New Zealanders have voted to retain their current flag, which -- similarly to Australia's own flag -- sports the Union Jack and the Southern Cross, reflecting the nation's colonial past.
Kiwis flocked to the ballot boxes today, with more than 2 million voting in the nation-wide referendum.
The preliminary results announed at 8:30pm local time on Thursday indicate that 56.6% voted to retain the current flag, with its strong ties to the United Kingdom, while 43.2% voted for the alternative silver fern design.
The alternative flag was designed by Melbourne-based New Zealander, Kyle Lockwood.
In another referendum at the end of last year, voters chose the silver fern flag over four other designs. It won 50.58 percent of the vote.
New Zealand's Prime Minister, John Key, was a strong advocate for the new silver fern flag, having previously warned the population that "they'll wake up in a few months' time and they'll realise what a terrible mistake they made".
He was conciliatory in defeat, however, tweeting that he encouraged New Zealanders "to use [the flag], embrace it and, more importantly, be proud of it".
New Zealand has voted to retain our current flag. I encourage all NZers to use it, embrace it and, more importantly, be proud of it.— John Key (@johnkeypm) March 24, 2016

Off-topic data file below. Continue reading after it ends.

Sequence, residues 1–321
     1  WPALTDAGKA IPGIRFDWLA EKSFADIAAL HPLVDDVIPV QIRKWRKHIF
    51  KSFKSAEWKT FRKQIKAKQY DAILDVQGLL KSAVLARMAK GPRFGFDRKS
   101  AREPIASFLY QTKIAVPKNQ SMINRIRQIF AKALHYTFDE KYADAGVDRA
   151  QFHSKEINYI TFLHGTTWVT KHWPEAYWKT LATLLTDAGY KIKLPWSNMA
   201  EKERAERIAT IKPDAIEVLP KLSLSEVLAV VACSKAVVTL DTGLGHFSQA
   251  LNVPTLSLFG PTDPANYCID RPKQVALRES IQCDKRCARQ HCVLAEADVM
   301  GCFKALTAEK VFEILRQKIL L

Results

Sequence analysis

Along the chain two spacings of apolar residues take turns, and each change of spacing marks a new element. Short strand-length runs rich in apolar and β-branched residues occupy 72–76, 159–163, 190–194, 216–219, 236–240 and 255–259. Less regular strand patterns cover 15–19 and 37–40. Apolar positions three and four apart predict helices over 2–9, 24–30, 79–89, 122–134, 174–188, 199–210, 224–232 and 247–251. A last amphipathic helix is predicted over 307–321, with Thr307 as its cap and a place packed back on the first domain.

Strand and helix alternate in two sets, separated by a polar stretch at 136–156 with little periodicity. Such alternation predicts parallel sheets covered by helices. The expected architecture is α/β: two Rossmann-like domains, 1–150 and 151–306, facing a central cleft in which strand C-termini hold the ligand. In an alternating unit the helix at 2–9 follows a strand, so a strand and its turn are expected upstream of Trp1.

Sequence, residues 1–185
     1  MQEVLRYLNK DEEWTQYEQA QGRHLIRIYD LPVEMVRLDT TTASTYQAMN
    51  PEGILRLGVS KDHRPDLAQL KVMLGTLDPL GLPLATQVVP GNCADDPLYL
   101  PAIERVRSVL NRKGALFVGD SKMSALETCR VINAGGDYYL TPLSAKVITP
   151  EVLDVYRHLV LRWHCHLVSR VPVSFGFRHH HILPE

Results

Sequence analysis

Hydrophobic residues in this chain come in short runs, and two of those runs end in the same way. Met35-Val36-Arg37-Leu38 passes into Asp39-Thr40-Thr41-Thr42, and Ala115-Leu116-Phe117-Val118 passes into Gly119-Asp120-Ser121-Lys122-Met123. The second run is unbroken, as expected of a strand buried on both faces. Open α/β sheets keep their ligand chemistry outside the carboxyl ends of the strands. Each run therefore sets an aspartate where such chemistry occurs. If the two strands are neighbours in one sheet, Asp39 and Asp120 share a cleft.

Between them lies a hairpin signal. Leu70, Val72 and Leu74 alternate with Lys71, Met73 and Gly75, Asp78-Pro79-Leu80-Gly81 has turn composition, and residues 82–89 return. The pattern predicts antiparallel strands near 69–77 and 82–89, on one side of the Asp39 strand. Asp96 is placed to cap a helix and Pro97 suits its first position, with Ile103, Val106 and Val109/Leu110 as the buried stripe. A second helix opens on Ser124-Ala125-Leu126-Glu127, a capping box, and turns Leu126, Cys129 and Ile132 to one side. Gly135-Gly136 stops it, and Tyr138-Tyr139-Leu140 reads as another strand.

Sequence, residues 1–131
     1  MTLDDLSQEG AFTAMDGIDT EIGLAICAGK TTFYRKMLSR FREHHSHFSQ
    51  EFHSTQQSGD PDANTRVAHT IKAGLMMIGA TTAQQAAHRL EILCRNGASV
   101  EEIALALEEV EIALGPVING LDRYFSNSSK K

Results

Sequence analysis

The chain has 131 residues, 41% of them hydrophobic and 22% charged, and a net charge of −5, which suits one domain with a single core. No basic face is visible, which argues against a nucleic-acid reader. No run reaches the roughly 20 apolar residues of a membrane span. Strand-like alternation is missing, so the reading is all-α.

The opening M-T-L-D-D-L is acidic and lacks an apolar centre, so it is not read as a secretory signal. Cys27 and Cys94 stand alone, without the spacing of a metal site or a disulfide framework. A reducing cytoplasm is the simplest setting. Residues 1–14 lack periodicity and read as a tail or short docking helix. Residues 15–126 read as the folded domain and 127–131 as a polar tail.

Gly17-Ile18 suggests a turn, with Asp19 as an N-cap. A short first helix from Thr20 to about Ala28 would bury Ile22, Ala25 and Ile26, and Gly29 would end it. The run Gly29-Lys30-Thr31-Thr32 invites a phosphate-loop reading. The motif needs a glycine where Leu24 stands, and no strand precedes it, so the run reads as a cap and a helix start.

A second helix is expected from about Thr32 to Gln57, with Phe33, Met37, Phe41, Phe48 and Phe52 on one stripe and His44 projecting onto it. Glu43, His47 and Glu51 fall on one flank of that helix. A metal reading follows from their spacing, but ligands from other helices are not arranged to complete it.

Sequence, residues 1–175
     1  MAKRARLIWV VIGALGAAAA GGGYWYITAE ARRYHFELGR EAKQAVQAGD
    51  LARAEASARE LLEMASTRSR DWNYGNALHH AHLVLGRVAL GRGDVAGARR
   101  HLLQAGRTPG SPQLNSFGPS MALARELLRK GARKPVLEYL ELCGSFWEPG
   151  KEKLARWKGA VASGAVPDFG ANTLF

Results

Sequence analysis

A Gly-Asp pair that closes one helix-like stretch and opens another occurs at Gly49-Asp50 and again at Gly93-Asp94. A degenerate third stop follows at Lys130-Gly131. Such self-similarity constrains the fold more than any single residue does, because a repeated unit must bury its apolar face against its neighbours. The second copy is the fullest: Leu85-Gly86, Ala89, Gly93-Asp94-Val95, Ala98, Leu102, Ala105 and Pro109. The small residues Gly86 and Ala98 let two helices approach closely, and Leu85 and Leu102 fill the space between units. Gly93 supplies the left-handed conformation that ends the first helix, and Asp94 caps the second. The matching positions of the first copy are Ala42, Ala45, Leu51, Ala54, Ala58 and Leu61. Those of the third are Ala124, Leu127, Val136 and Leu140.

Responses to the decision have been mixed, with some celebrating, and others finding humour in it.
I'm sorry Kyle Lockwood, you didn't win the school* colouring competition #nzflag— Xtine (@scarfacelaws) March 24, 2016
Others were critical of the amount of time and money invested in something which ultimately resulted in no change.
I wish we just divided the 26 million up and got $6 each instead of this #nzflag— Melanie Bracewell (@meladoodle) March 24, 2016
So much money could have been saved by including a 'do you want to change the flag' in the 2014 election #nzflag— MissBetseyTrotwood (@Suzyiam) March 24, 2016
The Flag Consideration Project started in May 2015 when a nation-wide engagement program began to gather New Zealander's views and values in regards to alternative flag designs.